The Doll's House

This playful family home in Northcote belongs to artist, curator and author Tai Snaith, her partner Simon Knott of BKK architects (he designed the house), and their two young sons Leo (6) and Gil (4).

Known as ‘The Doll’s House’, this lovingly handcrafted home speaks volumes about the creative family who live here.


Lucy Feagins
Supported by Dulux

The Northcote home of Tai Snaith and family. Tai hand-glazed the tiles used in the kitchen splashback (there are 520 of them!) and worked with tilers to arrange them in this pattern on-site. Photo – Eve Wilson. Production – Lucy Feagins / The Design Files.

The main living area looking out into the back garden. The exposed wooden beams are made with engineered Cyprus timber from sustainable plantations and the hand fired bricks from Pedersen Bricks. ‘The marble island bench is usually covered in bills, lists and school notices!,’ says Tai. Photo – Eve Wilson. Production – Lucy Feagins / The Design Files.

This large glass window opens right out into the garden like a giant door, opening up the space in summer for family gatherings – everyone loves lounging on the green couch inside and outside. Photo – Eve Wilson. Production – Lucy Feagins / The Design Files.

The east-facing window on the new part of the house. Porcelain floor tiles by Academy Tiles. Artwork by Nathan Gray (top) Sarah CrowEST (bottom). Photo – Eve Wilson. Production – Lucy Feagins / The Design Files.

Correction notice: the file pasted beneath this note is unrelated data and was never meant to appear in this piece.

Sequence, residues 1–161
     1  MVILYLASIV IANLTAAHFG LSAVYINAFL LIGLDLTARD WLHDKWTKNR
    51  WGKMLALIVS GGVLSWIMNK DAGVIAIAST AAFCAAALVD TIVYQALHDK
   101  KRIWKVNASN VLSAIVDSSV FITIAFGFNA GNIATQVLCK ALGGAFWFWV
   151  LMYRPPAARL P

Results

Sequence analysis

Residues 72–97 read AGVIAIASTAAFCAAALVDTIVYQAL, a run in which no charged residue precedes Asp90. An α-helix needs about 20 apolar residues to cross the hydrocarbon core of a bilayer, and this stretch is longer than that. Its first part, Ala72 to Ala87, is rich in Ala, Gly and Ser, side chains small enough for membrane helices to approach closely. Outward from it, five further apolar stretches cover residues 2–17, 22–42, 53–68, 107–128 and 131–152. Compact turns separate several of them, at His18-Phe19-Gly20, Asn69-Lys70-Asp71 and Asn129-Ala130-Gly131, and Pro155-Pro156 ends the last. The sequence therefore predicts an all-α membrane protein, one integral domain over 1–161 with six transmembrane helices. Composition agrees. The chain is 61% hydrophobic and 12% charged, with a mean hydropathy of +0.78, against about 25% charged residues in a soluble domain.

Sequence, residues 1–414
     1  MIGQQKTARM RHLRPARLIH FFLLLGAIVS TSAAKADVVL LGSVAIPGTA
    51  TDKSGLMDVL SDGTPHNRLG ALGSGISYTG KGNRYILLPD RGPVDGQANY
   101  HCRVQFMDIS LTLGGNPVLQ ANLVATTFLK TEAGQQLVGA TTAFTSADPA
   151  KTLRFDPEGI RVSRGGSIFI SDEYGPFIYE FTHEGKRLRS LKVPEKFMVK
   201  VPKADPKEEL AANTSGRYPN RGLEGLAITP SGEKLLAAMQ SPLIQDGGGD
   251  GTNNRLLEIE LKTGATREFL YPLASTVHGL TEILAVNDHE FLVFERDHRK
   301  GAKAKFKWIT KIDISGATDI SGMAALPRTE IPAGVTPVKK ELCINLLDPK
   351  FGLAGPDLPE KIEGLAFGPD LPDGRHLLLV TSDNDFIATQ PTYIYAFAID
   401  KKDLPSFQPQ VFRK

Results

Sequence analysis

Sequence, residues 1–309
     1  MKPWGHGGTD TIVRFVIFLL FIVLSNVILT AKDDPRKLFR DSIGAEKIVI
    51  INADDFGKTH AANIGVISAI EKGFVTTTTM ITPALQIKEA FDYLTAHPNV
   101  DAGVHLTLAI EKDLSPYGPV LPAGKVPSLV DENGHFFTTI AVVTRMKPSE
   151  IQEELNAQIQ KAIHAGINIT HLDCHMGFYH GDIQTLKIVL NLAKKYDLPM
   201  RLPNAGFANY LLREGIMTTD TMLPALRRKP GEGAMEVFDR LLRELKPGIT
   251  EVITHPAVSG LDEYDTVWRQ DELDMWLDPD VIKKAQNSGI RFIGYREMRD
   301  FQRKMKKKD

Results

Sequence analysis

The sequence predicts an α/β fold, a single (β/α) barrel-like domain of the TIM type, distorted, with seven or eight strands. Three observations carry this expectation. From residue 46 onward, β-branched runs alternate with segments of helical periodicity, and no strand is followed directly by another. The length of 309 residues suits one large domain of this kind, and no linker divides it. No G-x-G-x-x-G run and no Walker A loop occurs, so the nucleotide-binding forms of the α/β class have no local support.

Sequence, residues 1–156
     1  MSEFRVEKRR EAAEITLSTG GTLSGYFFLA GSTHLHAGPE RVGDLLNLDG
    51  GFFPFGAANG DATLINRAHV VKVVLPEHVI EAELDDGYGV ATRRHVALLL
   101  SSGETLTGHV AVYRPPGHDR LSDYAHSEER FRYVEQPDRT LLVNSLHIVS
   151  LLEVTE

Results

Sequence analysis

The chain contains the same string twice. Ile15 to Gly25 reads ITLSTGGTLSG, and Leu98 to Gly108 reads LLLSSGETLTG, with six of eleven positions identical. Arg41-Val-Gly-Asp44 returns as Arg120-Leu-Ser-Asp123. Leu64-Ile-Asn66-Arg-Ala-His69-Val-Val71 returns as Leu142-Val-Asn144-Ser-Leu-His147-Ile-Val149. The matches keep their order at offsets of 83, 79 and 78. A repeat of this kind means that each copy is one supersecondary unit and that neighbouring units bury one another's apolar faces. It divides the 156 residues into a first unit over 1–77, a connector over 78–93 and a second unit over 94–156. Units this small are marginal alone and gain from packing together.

The fireplace is from Cheminees Phillippe, ‘Slow Motion Catastrophe’ (melted ice-cream) lamp designed and made by Tai, her partner Simon Knott, and Rory Hyde. Artworks by Nathan Gray (top) and Sarah CrowEST (bottom). Photo – Eve Wilson. Production – Lucy Feagins / The Design Files.

This family’s dining corner, featuring Eames chairs, Mark Tuckey table, and paintings by Katherine Hattam (top right of bookshelf) and Cherry Hood(on wall). ‘The bookshelves are a major part of our home – we love books and have a lot of them,’ tells Tai. Her library is also dotted with artworks traded with fellow artists. Photo – Eve Wilson. Production – Lucy Feagins / The Design Files.

The northern-facing facade of Tai Snaith‘s ‘Dolls House,’ complete with ‘Playschool’ windows! ‘My veggie garden is to the right (with two avocado trees) and the garden bed on the left I plant seasonally with bulbs, snapdragons, etc,’ mentions Tai. Photo – Eve Wilson. Production – Lucy Feagins / The Design Files.

Artist and author Tai Snaith at home. Photo – Eve Wilson. Production – Lucy Feagins / The Design Files.

Looking from the playroom into Tai’s studio. ‘We generally have it open, but I have a sliding door with a lock for deadlines and desperate times of isolation!’ she says. Artwork inside studio by Tai, and Chris Bond (right). Photo – Eve Wilson. Production – Lucy Feagins / The Design Files.

Chairs by Svend Skipper (pink) and Grant Featherston (cream) upstairs, alongside art by Tai (left) and Adam Lee (right). Photo – Eve Wilson. Production – Lucy Feagins / The Design Files.

The upstairs bathroom with tiles by Academy Tiles. Photo – Eve Wilson. Production – Lucy Feagins / The Design Files.

Leo’s room, with artwork (clockwise from middle left); Cross stitch by Simon’s mum; Justin Williams; Kez; bear by Robert Bowers; Rooster by my mum; Ghostpatrol; and a painting of wildflowers by Simon’s grandmother. Photo – Eve Wilson. Production – Lucy Feagins / The Design Files.